Transposition of the great vessels (TGV) means that the positions of the 2 main arteries that carry blood away from the heart are reversed from normal.
The 2 main arteries of the heart are:
If these arteries are reversed, the blood goes to the lungs, picks up oxygen, returns to the heart, and then flows right back to the lungs without ever going to the body. Blood from the body returns to the heart and goes back to the body without ever picking up oxygen in the lungs.
Babies born with TGV can stay alive only if they have 1 or more other defects that allow the oxygen-poor blood and the oxygen-rich blood to mix until they can have surgery. These defects are:
The cause of this birth defect is not known.
Babies with TGV look blue right after birth. This is because their body is not getting enough oxygen-rich blood.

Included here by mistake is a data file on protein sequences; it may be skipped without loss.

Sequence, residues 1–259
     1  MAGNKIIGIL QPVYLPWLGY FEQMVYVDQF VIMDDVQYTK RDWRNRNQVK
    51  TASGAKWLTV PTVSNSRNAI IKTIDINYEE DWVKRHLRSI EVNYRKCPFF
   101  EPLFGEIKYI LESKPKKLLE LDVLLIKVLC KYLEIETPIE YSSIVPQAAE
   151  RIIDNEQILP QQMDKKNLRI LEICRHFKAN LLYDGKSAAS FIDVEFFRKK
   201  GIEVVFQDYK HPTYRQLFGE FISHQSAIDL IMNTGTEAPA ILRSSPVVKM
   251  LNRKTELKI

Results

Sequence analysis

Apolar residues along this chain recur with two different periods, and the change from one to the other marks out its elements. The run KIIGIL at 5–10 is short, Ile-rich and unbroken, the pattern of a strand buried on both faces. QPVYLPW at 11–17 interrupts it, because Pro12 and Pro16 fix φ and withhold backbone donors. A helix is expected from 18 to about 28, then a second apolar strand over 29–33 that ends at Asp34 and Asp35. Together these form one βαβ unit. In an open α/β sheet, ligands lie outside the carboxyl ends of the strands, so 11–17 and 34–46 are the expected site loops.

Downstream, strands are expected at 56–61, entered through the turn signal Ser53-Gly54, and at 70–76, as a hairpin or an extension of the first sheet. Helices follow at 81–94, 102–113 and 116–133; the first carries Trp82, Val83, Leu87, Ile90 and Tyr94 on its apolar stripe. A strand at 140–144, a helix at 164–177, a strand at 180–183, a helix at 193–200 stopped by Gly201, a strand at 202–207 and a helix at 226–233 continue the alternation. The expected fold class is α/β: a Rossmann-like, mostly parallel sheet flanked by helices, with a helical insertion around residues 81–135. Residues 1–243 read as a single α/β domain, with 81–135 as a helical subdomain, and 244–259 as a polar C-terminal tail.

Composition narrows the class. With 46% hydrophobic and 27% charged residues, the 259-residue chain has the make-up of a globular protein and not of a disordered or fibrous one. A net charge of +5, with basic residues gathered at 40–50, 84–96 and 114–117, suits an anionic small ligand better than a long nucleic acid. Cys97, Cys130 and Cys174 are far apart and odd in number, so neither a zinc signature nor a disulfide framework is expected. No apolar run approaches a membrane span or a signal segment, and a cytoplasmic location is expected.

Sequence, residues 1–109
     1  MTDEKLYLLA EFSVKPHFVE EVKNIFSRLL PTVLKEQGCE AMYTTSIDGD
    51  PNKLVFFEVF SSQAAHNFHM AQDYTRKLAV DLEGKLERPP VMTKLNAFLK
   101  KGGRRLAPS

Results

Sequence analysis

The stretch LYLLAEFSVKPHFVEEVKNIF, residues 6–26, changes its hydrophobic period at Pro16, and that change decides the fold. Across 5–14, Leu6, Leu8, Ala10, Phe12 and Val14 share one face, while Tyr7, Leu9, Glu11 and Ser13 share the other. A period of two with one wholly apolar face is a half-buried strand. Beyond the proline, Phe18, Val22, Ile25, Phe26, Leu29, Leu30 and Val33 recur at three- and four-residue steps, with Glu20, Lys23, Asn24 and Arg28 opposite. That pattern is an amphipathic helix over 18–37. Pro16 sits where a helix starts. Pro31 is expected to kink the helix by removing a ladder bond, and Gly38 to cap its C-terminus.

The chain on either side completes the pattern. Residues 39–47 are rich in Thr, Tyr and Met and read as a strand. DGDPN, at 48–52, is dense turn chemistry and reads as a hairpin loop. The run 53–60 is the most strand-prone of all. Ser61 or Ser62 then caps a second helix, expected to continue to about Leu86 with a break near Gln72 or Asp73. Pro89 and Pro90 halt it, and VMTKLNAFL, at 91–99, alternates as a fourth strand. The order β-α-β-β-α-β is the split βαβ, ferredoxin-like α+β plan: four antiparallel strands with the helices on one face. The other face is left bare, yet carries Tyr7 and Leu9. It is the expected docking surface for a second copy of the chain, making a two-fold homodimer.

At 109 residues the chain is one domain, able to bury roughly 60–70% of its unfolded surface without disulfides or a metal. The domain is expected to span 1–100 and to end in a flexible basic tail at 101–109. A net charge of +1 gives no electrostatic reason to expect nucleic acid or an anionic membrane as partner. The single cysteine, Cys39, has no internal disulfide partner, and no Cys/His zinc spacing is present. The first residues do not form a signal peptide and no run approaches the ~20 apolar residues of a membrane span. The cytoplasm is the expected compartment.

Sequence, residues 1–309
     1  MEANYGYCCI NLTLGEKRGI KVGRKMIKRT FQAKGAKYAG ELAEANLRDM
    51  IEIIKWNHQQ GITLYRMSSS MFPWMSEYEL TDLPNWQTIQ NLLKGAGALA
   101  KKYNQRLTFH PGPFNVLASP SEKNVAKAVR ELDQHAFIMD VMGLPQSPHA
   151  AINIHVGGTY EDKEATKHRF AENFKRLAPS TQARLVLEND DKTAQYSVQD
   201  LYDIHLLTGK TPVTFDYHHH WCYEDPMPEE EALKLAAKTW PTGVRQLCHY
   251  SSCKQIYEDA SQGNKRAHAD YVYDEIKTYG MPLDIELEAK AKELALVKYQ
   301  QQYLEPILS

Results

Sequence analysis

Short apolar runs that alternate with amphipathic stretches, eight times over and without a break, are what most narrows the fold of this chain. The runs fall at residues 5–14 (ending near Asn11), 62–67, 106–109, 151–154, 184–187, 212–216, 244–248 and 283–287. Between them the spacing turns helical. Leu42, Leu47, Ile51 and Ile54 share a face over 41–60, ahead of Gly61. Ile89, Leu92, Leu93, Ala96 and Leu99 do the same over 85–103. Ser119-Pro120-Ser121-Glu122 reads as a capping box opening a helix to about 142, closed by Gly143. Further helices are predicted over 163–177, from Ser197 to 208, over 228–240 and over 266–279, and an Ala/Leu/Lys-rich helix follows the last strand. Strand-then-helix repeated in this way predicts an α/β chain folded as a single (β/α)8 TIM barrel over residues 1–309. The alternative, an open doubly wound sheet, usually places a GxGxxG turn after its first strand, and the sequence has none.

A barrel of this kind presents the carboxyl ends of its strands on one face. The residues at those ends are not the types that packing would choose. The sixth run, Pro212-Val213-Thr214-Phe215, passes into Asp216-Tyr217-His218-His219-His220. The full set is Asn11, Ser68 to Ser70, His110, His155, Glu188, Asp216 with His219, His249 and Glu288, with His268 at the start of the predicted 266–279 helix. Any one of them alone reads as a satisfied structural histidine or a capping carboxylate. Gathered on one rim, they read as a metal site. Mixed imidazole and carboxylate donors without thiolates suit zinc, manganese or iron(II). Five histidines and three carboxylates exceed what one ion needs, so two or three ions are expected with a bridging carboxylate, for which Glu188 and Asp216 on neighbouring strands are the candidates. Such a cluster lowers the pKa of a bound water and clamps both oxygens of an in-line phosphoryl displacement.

This birth defect can be diagnosed before birth. The test that may show the problem is an echocardiogram, which uses sound waves (ultrasound) to show pictures of the heart and how well blood is flowing through it.
Your baby’s provider will examine your child. Tests may include:
Sometimes heart catheterization may be needed. A catheter is a very thin tube that is passed through a blood vessel into the heart. The pressure in the chambers of the heart is measured and blood samples can be taken. This helps diagnose a defect and can tell how big the defect is.
TGV may be treated in stages.
Children who have had successful surgery generally lead normal, healthy lives. However, they may still have some heart problems.
Your child will need to have regular follow-up visits with a specialist in congenital heart disease. Follow your child’s healthcare provider's instructions. Ask your provider:
Make sure you know when your child should come back for a checkup. Keep all appointments for provider visits or tests.